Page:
Improving the Diagnosis of Depression

The official guidelines for diagnosing depression are out of touch with current clinical knowledge. What would make them more useful for guiding treatment?

 Richard J. Metzner, M.D.

Clinical Professor 
Semel Institute for Neuroscience and Human Behavior at UCLA

The most influential guidelines for diagnosing depression come from the American Psychiatric Association's Diagnostic and Statistical Manual, 4th Edition, Text Revision. Many depression tests are based on these DSM-IV-TR criteria. Founded upon some of the early 20th century teachings of the German psychiatrist Emil Kraepelin, the DSM-IV-TR's depression codes make no distinction between too much or too little of any of the following critical functions: sleep, appetite, body weight, physical activity or mental activity. As long as sadness or loss of enjoyment are present, the overweight, excessively sleeping, apathetic and mute patient is given the same diagnostic code as the thin, irritable, agitated, sleepless patient. Is it really possible that when it comes to the central nervous system, excessive and diminished functioning represent the same disorder? Where else in the body do we equate too much with too little? Not with vital signs like blood pressure or pulse rate. Not with any other organ activity. Why then the brain?

Though of little utility, the DSM-IV-TR criteria do allow for feature specifiers, such as "with atypical features."  The "atypical" specifier requires "mood reactivity" and two of the following 1) weight gain or increased appetite, 2) excessive sleeping, 3) heavy, leaden feelings in arms or legs and 4) rejection hypersensitivity. This specifier might be useful to differentiate the two patients above, except that if the overeating patient's moods don't fluctuate (as they often don't), he can't receive the specifier. Few studies have validated the full atypical syndrome, but the association between excessive eating and sleeping has been replicated on a number of occasions. A new study on the comorbidity of obesity and depression by Levitan et al reports that atypical depressed patients with excessive eating and sleeping represent a significantly distinct populations from "classically" depressed patients whose appetite and sleep are diminished. Our own work corroborates this finding.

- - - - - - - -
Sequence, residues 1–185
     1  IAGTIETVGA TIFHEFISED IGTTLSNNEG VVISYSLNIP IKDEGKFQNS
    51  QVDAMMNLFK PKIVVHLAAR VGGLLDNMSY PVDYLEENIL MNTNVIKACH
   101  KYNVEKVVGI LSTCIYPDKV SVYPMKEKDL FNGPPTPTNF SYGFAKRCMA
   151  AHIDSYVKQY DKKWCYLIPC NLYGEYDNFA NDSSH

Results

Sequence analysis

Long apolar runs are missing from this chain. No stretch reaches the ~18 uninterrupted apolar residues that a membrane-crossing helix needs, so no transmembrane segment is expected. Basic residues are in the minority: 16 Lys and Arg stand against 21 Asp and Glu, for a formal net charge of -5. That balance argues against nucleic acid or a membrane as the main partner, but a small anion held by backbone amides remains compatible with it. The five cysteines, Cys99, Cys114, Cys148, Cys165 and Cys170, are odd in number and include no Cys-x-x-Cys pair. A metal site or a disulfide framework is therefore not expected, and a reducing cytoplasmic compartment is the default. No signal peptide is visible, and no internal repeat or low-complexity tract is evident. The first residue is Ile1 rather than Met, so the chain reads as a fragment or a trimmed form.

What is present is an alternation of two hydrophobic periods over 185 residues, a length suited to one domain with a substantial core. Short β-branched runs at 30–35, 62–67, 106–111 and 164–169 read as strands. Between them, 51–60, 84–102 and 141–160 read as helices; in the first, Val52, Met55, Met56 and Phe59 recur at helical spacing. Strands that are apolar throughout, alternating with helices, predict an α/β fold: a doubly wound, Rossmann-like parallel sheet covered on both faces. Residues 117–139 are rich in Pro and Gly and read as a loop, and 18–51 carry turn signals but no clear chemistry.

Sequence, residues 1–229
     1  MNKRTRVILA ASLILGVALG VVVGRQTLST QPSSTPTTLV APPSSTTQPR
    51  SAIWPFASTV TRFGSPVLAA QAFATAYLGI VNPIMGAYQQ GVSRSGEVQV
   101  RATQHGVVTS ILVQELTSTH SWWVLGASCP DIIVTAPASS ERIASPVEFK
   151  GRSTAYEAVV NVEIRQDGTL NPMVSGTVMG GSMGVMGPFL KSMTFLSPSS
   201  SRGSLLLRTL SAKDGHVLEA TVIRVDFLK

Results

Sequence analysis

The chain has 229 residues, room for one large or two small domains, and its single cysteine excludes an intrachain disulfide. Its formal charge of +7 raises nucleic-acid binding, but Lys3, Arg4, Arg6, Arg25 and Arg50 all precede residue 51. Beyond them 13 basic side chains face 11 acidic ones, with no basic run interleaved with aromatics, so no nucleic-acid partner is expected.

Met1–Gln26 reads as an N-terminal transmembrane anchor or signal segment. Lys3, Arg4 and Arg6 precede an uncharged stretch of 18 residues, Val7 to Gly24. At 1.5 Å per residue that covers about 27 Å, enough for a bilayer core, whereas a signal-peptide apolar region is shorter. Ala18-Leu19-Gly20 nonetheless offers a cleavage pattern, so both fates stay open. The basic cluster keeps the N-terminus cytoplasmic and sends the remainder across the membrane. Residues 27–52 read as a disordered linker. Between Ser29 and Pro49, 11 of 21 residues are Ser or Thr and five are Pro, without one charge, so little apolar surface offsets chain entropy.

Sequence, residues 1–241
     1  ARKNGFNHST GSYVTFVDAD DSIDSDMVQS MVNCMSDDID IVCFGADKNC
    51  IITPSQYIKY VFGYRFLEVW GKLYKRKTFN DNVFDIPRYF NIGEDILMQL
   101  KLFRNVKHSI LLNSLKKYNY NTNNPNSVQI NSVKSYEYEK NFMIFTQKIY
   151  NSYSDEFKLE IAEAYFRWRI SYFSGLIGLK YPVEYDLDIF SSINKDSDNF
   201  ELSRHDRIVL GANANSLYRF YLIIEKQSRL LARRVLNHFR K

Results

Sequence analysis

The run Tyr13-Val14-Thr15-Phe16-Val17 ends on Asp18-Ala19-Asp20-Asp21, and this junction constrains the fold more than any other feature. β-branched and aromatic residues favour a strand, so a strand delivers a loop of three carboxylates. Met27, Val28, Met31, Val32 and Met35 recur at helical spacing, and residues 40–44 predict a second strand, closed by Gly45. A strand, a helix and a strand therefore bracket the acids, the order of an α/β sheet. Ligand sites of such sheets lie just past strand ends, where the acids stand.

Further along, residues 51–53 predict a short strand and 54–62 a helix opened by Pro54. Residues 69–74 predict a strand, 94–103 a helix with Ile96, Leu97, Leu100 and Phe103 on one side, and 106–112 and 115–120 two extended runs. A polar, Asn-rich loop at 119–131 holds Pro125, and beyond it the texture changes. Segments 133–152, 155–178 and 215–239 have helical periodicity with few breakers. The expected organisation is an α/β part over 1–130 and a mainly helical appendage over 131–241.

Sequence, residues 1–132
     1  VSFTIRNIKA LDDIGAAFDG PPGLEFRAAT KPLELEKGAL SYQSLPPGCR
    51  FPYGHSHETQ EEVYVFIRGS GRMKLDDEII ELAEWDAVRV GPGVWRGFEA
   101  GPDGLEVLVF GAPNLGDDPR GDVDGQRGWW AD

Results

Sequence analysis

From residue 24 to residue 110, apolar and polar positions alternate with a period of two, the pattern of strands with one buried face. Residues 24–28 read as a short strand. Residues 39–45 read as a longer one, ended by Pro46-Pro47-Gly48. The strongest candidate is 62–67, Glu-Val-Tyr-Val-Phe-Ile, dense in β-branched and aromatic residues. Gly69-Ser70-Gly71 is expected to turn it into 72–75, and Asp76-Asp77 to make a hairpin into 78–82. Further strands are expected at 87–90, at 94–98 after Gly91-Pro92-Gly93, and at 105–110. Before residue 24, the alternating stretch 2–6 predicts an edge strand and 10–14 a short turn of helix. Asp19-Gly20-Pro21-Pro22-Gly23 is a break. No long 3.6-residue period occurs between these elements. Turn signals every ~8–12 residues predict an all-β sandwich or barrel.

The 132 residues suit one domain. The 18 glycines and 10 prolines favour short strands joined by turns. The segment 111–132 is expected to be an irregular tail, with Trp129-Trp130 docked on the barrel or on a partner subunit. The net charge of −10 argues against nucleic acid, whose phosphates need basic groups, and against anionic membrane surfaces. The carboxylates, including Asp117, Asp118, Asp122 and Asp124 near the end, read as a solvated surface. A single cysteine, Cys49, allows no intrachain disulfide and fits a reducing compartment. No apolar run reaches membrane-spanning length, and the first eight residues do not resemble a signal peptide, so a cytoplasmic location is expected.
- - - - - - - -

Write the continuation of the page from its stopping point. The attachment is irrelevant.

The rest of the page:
The APA worked for several years on DSM-5, the latest version of the manual, but the newly approved version is under attack from both inside and outside organization.  Allen Frances, MD, chairperson of the APA Committee that produced DSM-IV-TR  says there was not enough evidence to justify replacing his 12-year-old version. He's taken his case to the media. His successor, David Kupfer, MD, disagrees and stands behind his version.

Several of the proposed changes were withdrawn because of protests about "recklessly expanding" psychiatric diagnosis. Mixed anxiety/depression was one of the stillborn diagnoses. The fact that there are millions of people who fit the criteria for mixed anxiety/depression is part of the problem. Many people who don't yet have a potentially reimbursable psychiatric disorder would receive one. What is worse for insurance companies is that some evidence suggests antidepressants might help this problem.  To no one's surprise, psychologists have mounted a petition to stop the publication of DSM-V altogether. 

An interesting related story is the public apology issued by the psychiatrist considered by some most responsible for spearheading the modern DSMs, Dr. Robert L Spitzer. His apology was for having published a scientifically questionable study supporting the validity of reparative therapy for homosexuality. The negative publicity being generated by these stories doesn't reflect well on the mental health field. Woeful PR aside, it should remind those of us who study and treat emotional disorders that we can sometimes overstep our bounds. It is tempting to assume our training and experience gives us an omniscience we do not have. Presuming to lead when lacking the empirical data to support one's contentions is a dangerous mix of arrogance and folly.

Reading Kraeplin, one cannot help but be impressed with the diligence and powers of observation he brought to the enterprise of psychiatric diagnosis. Was he right in placing melancholia on the same spectrum with dementia? Depressive "stupor" on the same spectrum with mania? The answers might be a surprise, and I'll address them in an upcoming article on this website. Kraepelin's teachings were based on decades of careful scrutiny in the asylum. How different it is now. One of psychiatry's most esteemed contemporary researchers told me that it had been years since he had had contact with a patient. I suspect that the erroneous conclusions that he and other researchers have sometimes reached about their own data may reflect that lack of ongoing clinical experience. Kraepelin did not have the advantages of modern neuroscientific discoveries to guide him, but he definitely had boots on the ground where psychiatric patients battled their demons. Perhaps, if those attempting to follow in Kraepelin's footsteps had more of his experience in the trenches rather than the towers, depressed individuals agitated with apprehension would not be receiving the same diagnostic codes and treatment guidelines as those paralyzed by stupor.



Copyright 2012, Scaled Psychiatric Systems, Inc. All rights reserved.